Monday, January 11, 2010
Fair and Open? Talk about Faux News...
Thursday, January 7, 2010
Funny - when people usually talk about "Faux News", it's a satirical take on the slanted viewpoint of the conservative-tilted network, Fox News. The criticism - often well deserved - comes from left-leaning followers of politics that find themselves reviling the opinions and stories that come from Fox News. To them, Fox News provides too much propaganda and not enough openness with all sides of the issues.
In light of the recent developments coming from the Obama Administration and the supermajority leadership in Washington, perhaps that moniker is best worn by those propagating falsehoods concerning the "open and fair debate" in Washington concerning health care reform that was supposed to epitomize the new era ushered in last January.
Just last week, word came from Capitol Hill that the president and congressional leaders would not invite top Republicans into private negotiations over the compromises that will shape the rest of the health care legislation proposed for passage early this year. Of course, this is a huge contrast to the "C-SPAN open" debates on health care that President Obama mentioned in earlier times. Perhaps it was the blowback that came at the town hall forums across the country during last summer or perhaps it is the fallout from repeated Republican pushback on Democrat-led bills since the beginning of last year. Whatever the case may be, this stands clear: that after successfully convincing Americans that government would be fairer and more open under Democrat-driven rule post-2008, the Democrats have consistently and repeatedly shut out a significant portion of American ideas and proposals simply based on political affiliations regardless of whether or not the solutions could improve America.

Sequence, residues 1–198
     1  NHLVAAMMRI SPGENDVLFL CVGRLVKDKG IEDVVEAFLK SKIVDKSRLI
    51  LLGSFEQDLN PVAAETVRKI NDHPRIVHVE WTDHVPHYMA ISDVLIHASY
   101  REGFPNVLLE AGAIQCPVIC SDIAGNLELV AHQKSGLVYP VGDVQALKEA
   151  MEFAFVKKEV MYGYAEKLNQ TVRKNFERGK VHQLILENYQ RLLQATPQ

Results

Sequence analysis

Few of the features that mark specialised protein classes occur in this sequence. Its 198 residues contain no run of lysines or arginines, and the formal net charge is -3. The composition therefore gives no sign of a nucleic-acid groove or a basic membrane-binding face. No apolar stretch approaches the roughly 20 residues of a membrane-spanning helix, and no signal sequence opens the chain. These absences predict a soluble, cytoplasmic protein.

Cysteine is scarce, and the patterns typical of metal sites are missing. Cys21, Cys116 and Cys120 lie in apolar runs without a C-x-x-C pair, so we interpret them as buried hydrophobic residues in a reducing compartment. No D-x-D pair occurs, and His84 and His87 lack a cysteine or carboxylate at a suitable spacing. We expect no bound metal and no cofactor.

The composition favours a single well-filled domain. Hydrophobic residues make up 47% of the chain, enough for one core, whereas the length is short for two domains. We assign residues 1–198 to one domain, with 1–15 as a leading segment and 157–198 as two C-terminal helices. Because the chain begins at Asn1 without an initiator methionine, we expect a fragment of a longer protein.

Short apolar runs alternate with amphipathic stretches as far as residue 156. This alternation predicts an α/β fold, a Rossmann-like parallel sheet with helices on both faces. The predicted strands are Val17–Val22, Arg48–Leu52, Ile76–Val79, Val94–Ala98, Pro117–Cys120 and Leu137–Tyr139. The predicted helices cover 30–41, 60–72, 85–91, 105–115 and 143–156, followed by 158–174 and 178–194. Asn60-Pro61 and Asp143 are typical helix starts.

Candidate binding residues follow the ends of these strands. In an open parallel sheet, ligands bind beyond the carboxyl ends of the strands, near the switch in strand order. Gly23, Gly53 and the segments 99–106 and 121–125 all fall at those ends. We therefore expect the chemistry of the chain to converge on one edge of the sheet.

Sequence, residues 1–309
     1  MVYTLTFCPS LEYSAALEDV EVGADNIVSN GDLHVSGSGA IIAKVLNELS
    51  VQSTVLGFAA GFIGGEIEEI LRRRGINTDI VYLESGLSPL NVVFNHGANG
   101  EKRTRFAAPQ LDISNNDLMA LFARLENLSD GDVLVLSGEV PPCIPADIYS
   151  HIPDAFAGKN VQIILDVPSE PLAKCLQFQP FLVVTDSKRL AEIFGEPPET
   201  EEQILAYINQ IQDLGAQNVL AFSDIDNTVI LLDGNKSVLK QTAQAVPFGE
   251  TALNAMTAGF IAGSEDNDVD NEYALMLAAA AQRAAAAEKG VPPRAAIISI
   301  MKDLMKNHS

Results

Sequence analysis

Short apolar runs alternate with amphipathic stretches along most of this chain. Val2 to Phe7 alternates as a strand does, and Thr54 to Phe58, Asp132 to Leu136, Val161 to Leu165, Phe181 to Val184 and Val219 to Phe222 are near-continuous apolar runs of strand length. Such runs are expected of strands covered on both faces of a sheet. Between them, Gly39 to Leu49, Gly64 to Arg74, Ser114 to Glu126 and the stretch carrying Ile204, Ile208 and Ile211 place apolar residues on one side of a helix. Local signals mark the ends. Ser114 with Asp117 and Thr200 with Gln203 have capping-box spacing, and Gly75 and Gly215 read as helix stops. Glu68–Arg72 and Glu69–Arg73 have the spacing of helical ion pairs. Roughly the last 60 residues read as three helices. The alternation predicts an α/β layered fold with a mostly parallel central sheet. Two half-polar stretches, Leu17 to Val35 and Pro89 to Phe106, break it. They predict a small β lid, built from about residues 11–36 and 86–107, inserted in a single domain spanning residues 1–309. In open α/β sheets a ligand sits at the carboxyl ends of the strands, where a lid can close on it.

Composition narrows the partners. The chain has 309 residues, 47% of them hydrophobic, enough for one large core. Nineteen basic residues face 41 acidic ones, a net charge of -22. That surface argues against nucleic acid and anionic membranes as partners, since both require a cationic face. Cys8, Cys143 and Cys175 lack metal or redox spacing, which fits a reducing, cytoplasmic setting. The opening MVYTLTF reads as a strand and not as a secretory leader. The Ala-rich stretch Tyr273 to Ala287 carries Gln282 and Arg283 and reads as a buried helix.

The lack of openness is more detrimental than just the broken promise of healing the heated partisan divide that America suffered in the media and beyond over the past decade or so. It goes back to reminding us of a painful reality that has yet to be addressed properly in Washington - namely, that both major political parties are full of leaders and support systems that are more interested in the power-grab that comes with winning elections than they are with service to the people and focus on the solutions needed for the nation, even if that means coming up with appropriate compromises with viable ideas from rival American leaders.
After all - it is still one big nation, working together for common goals, right?
And that is what has preached by the Obama Team in 2008 but has been constantly overlooked since Barack Obama became president #44. The inability (and, now, apparent unwillingness) of the new administration to harken to this sentiment during such a critical time in American history only reeks of more political deception and pandering than it resembles any sort of true leadership. Through the first quarter of this presidency, there has not been enough chance-taking outside of the party structure set for #44, a clear break from the gameplan set by Candidate Obama that now has led to unpopular and unsuccessful spending programs from Washington that has had minimal impact on turning around the economy, unfreezing the credit market, and putting more Americans back to work. This direction - if appplied to the health care reform initiative - will only have similar results in 2010 to what we have seen in 2009: one-party-driven legislation that ratchets up America's debt while hampering the recovery for Americans across the land.